No Comment — November 24, 2009, 2:57 pm

Blackwater’s Pakistan Capers

The disclosures about Blackwater USA (now Xe Services LLC) are coming at a steady drip now. The company first gained international notoriety following the massacre of seventeen Iraqi civilians in an incident at Baghdad’s Nisoor Square on September 16, 2007. The New Yorker’s Jane Mayer put the company right in the middle of a controversial program of drone warfare on the Afghanistani-Pakistani border. A recent New York Times story suggests that senior officers approved payments of $1 million to Iraqi officials to silence their criticism of the company, which would raise questions under the Foreign Corrupt Practices Act even if the payments were never made, as shown in the recent sentencing of businessman Frederic Bourke. As the judge in that case noted, the Justice Department secured a conviction even though there was no substantial evidence of any bribe ever having been paid. Blackwater may of course be subject to a more lenient Justice Department view.

Meanwhile, in Pakistan, newspapers have been filled with charges to the effect that the government knows of and is turning a blind eye to Blackwater’s operations on their soil. The Pakistani government has vehemently denied these charges, and Interior Minister Rehman Malik recently insisted that he will resign if Blackwater is proven to be operating in the country. The minister may be in for an unpleasant surprise. The Nation’s Jeremy Scahill offers up substantial detail about Blackwater’s Pakistani operations, which were evidently undertaken at the behest of the U.S. Joint Special Operations Command (JSOC). Scahill’s reporting confirms and substantially deepens reporting about a targeted killings program operated by JSOC under close supervision by former Vice President Cheney, in which Blackwater played a vital role.

At a covert forward operating base run by the US Joint Special Operations Command (JSOC) in the Pakistani port city of Karachi, members of an elite division of Blackwater are at the center of a secret program in which they plan targeted assassinations of suspected Taliban and Al Qaeda operatives, “snatch and grabs” of high-value targets and other sensitive action inside and outside Pakistan, an investigation by The Nation has found. The Blackwater operatives also assist in gathering intelligence and help run a secret US military drone bombing campaign that runs parallel to the well-documented CIA predator strikes, according to a well-placed source within the US military intelligence apparatus…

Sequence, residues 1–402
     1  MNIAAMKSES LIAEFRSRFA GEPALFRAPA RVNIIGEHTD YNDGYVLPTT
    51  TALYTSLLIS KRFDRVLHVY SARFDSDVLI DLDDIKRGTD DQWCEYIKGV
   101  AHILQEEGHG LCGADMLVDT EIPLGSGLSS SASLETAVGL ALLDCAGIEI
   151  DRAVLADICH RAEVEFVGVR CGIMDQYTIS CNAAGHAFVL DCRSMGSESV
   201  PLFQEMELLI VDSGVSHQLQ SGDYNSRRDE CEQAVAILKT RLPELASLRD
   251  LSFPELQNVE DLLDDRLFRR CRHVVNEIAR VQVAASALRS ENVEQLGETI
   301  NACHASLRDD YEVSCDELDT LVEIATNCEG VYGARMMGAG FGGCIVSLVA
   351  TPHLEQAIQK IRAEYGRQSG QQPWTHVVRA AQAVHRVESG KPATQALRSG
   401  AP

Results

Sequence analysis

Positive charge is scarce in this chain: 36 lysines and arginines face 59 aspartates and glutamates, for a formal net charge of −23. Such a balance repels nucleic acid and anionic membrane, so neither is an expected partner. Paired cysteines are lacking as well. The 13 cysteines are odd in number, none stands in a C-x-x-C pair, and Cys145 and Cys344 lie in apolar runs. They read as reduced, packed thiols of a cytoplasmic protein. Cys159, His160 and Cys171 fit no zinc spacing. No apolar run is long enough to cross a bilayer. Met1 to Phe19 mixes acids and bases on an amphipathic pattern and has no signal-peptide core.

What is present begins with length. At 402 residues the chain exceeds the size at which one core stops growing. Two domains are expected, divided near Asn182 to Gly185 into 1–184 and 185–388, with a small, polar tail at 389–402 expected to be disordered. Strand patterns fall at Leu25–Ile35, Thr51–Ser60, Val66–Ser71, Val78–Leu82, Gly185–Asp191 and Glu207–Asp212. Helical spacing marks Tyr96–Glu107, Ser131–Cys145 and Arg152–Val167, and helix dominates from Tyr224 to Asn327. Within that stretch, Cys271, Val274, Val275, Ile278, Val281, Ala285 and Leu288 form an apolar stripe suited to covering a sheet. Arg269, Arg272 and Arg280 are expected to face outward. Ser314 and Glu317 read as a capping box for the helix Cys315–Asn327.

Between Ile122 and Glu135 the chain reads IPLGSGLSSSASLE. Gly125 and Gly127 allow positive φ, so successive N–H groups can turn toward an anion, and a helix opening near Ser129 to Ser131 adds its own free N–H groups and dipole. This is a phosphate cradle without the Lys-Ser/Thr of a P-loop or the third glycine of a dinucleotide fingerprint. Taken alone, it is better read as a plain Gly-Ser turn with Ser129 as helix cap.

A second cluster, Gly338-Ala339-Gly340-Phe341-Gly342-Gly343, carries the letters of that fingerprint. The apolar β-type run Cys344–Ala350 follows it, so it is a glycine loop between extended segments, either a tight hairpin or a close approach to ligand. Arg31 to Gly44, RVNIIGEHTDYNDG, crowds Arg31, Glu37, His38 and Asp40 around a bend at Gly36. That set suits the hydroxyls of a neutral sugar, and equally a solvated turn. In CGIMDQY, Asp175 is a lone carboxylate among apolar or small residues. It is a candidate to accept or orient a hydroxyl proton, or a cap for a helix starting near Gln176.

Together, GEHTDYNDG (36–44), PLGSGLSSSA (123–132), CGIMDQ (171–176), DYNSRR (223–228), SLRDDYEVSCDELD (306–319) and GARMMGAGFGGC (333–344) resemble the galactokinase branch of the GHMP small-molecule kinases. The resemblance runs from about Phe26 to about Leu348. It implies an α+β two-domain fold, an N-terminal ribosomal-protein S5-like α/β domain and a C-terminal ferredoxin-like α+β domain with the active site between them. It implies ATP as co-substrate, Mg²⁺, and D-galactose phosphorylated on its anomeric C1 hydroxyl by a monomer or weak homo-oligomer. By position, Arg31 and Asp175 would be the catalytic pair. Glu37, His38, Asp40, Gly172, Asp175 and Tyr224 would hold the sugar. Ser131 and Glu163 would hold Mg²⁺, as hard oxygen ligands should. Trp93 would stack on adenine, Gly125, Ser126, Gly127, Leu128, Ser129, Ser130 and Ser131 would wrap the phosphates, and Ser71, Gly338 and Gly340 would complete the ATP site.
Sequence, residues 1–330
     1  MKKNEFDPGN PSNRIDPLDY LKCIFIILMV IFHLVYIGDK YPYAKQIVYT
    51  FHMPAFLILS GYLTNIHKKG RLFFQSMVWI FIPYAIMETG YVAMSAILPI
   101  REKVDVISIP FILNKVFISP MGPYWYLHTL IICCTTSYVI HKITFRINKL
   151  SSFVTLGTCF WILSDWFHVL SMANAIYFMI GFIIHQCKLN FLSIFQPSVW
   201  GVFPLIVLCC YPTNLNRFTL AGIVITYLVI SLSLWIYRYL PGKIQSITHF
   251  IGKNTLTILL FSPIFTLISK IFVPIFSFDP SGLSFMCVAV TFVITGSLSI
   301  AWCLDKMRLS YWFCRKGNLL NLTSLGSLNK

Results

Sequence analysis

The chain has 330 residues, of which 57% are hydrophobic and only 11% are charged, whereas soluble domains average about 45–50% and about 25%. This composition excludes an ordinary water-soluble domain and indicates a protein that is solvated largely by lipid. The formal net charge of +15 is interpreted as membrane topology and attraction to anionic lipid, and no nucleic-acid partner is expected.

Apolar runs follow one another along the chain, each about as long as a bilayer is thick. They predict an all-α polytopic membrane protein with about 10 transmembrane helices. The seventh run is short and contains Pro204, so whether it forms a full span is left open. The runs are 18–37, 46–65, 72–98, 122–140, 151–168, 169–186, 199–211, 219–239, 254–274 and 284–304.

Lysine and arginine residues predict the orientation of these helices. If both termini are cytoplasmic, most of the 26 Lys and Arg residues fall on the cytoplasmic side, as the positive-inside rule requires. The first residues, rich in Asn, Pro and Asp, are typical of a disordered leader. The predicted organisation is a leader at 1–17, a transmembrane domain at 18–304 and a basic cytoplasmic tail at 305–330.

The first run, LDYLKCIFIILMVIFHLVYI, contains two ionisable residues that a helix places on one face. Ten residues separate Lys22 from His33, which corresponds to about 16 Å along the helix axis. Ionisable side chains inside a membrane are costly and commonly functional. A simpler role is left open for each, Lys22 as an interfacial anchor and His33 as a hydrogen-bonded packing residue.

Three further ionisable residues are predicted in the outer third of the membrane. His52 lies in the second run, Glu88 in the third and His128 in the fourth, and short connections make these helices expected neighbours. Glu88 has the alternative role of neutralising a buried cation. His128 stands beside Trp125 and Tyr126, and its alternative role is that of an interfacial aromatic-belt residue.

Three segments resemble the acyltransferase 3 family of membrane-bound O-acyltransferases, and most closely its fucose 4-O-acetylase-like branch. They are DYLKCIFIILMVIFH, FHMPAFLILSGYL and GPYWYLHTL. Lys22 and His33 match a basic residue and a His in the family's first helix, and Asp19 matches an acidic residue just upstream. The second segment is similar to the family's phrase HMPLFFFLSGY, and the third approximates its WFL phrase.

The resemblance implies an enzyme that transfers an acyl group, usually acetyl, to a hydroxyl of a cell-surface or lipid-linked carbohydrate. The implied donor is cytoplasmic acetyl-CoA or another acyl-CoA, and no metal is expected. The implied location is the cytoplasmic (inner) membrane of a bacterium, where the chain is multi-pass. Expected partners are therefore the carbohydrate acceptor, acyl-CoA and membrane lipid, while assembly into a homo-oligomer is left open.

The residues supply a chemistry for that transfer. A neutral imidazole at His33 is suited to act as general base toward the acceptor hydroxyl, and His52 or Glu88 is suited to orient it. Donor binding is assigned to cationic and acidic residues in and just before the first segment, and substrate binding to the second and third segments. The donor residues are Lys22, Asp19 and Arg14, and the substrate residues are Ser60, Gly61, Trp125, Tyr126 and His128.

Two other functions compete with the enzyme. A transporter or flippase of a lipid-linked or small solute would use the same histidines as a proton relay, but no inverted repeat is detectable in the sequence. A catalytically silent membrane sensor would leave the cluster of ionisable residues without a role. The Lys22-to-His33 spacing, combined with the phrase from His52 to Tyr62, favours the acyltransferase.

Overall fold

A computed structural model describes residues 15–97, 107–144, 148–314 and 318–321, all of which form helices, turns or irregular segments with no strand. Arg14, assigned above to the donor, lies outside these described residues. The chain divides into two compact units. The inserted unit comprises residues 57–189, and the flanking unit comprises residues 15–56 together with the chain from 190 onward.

A former senior executive at Blackwater confirmed the military intelligence source’s claim that the company is working in Pakistan for the CIA and JSOC, the premier counterterrorism and covert operations force within the military. He said that Blackwater is also working for the Pakistani government on a subcontract with an Islamabad-based security firm that puts US Blackwater operatives on the ground with Pakistani forces in counter-terrorism operations, including house raids and border interdictions, in the North-West Frontier Province and elsewhere in Pakistan. This arrangement, the former executive said, allows the Pakistani government to utilize former US Special Operations forces who now work for Blackwater while denying an official US military presence in the country. He also confirmed that Blackwater has a facility in Karachi and has personnel deployed elsewhere in Pakistan.

Scahill goes on to provide a physical description of the Blackwater facility in Karachi. He names and describes Blackwater’s key Pakistani contract counterpart. He also quotes Colonel Lawrence Wilkerson, Colin Powell’s chief-of-staff at the State Department, on the curious relationship that developed between Dick Cheney and the JSOC operation. “Cheney was actually giving McChrystal instructions, and McChrystal was asking him for instructions.” As a legal matter, the Vice President is not in the chain of command and has no business issuing orders to the military in his own name. But as Bart Gellman demonstrates in his book, Angler, Cheney repeatedly assumed and asserted military command authority, and his usurpation went unchallenged by the Rumsfeld Defense Department.